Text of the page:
The Issue Voting Triangle: How Issue Linkage, Issue Competition and Issue Mobilization Facilitate Issue Voting

28 Pages Posted: 28 Aug 2010

See all articles by Catherine E. De Vries

Catherine E. De Vries

Department of Political Science and International

Date Written: August 26, 2010

Abstract

Why do some new policy issues influence voters’ decisions at the ballot box while others do not? This study develops and tests arguments about the way in which supply-side factors, i.e. the behavioral characteristics of political parties, mediate the extent to which new and complex policy issues affect voting behavior. Specifically, it proposes a model, i.e. the issue voting triangle, that draws attention to three supply-side factors that explain variation in issue voting: (1) issue linkage, (2) issue mobilization and (3) issue competition. The degree of issue voting is expected to vary as a result of the linkage between parties’ positions on the new policy issue and the main dimension of political conflict (issue linkage), the extent to which parties take diverging stances on the new issue (issue competition) and the degree to which parties view the new issue as important (issue mobilization). These general propositions are tested by examining the impact of the European integration issue on vote choice in British, Danish, Dutch and German elections between 1992 and 2002. The empirical analysis demonstrates that issue voting on the basis of a new and complex policy issue is indeed more prominent when the three issue voting triangle conditions are present. Consequently, this study has crucial implications for the study of elections and voting behavior and enriches our understanding of the issue voting process.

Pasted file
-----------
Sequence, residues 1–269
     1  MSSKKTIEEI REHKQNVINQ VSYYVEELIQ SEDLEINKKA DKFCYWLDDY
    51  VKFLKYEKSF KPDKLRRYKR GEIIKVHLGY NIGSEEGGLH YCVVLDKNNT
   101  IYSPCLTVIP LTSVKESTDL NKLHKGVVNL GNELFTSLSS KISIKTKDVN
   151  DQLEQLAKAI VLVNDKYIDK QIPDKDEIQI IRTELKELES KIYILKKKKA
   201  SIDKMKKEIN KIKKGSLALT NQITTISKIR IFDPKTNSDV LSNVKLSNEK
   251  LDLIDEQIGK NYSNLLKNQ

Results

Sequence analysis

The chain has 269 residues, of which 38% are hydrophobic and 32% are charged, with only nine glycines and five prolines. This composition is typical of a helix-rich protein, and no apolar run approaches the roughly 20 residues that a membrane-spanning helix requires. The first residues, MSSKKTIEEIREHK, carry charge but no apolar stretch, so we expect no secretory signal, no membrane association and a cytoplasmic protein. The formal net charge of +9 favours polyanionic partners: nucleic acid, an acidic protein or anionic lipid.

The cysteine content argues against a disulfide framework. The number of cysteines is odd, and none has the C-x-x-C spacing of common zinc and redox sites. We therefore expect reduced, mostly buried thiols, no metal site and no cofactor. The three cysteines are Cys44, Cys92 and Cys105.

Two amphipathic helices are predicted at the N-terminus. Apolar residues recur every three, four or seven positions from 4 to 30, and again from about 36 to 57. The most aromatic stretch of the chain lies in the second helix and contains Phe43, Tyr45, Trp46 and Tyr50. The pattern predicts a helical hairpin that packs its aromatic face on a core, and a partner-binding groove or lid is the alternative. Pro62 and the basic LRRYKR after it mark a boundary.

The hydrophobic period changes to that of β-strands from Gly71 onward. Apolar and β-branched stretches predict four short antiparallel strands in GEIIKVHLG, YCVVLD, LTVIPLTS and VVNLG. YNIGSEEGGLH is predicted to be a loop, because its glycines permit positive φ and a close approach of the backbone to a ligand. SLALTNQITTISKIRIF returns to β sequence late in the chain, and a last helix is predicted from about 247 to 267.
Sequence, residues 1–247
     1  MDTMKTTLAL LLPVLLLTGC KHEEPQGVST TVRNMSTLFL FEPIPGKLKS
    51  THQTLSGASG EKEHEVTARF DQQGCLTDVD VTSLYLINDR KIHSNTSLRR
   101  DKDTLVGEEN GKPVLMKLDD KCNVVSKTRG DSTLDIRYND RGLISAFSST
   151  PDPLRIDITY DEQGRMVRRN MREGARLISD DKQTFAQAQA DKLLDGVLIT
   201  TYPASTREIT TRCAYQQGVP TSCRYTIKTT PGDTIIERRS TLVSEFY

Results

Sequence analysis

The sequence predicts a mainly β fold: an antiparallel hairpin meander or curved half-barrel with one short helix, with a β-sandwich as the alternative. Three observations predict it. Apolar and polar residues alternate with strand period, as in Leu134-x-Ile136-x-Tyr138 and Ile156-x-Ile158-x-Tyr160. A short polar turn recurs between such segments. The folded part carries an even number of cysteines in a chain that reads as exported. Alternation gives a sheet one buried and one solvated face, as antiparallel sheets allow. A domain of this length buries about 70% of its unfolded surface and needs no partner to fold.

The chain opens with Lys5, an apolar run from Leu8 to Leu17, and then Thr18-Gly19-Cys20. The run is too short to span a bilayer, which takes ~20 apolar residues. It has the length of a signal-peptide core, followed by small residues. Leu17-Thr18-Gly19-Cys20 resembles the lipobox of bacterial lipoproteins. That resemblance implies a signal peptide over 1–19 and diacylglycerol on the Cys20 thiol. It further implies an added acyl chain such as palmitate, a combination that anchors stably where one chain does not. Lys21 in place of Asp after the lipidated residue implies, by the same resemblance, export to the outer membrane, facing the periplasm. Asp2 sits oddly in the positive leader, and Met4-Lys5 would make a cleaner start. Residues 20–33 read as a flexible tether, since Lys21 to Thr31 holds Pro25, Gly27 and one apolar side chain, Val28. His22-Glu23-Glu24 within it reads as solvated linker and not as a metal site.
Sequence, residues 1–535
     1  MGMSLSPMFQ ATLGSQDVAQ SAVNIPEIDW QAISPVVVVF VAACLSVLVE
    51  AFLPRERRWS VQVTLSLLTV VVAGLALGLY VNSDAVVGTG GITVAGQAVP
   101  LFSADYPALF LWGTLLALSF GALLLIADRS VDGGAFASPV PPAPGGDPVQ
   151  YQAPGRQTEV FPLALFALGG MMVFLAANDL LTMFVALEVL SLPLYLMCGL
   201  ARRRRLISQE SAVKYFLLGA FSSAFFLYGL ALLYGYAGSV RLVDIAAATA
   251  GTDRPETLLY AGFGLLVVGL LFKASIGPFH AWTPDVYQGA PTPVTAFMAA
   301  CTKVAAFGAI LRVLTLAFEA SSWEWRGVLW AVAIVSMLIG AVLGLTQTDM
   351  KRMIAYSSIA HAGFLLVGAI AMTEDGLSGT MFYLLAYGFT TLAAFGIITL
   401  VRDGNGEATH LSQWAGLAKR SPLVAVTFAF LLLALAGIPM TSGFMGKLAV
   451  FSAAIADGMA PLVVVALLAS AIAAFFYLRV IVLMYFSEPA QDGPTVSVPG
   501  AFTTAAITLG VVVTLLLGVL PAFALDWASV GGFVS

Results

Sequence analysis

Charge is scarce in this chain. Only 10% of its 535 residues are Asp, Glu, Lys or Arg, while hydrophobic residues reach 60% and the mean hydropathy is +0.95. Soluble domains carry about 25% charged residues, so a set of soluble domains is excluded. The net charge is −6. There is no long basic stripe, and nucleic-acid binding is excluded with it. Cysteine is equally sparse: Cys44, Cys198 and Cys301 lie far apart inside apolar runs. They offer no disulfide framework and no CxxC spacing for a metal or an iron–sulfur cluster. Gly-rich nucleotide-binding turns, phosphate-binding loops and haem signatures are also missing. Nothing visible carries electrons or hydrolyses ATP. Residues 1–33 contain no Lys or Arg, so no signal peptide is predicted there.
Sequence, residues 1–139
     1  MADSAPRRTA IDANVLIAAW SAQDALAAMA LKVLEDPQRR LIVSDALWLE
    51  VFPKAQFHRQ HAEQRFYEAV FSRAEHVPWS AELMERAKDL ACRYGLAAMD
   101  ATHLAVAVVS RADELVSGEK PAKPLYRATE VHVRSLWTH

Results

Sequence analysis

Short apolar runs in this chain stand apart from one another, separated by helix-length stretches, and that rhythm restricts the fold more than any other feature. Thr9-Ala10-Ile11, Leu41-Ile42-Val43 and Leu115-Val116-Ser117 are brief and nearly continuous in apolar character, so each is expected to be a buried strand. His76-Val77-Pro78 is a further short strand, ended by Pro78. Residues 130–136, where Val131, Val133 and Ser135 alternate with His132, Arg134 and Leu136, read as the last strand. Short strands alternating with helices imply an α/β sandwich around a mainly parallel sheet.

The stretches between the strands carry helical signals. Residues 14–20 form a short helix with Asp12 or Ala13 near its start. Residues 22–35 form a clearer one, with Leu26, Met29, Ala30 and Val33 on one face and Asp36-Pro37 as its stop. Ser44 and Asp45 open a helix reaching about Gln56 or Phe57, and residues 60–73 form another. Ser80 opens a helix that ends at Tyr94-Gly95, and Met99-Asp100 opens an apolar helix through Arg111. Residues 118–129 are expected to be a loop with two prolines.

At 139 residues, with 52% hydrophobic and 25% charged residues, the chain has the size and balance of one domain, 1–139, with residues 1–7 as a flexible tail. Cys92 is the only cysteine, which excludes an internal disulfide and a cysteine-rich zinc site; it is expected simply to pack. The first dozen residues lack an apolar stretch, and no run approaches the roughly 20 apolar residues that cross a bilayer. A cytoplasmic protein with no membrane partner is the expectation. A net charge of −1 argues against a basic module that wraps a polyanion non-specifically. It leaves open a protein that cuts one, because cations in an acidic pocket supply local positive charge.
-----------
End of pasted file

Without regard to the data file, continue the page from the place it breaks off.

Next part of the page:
Keywords: Issue Voting, Elections, Voting Behavior, Political Parties, European Integration

Suggested Citation

De Vries, Catherine E., The Issue Voting Triangle: How Issue Linkage, Issue Competition and Issue Mobilization Facilitate Issue Voting (August 26, 2010). Available at SSRN: https://ssrn.com/abstract=1666069 or http://dx.doi.org/10.2139/ssrn.1666069

Catherine E. De Vries (Contact Author)

Department of Political Science and International ( email )

102 Bd Carl-Vogt
Genève, CH - 1205
Switzerland
0041-22-3798380 (Phone)

HOME PAGE: http://www.catherinedevries.eu

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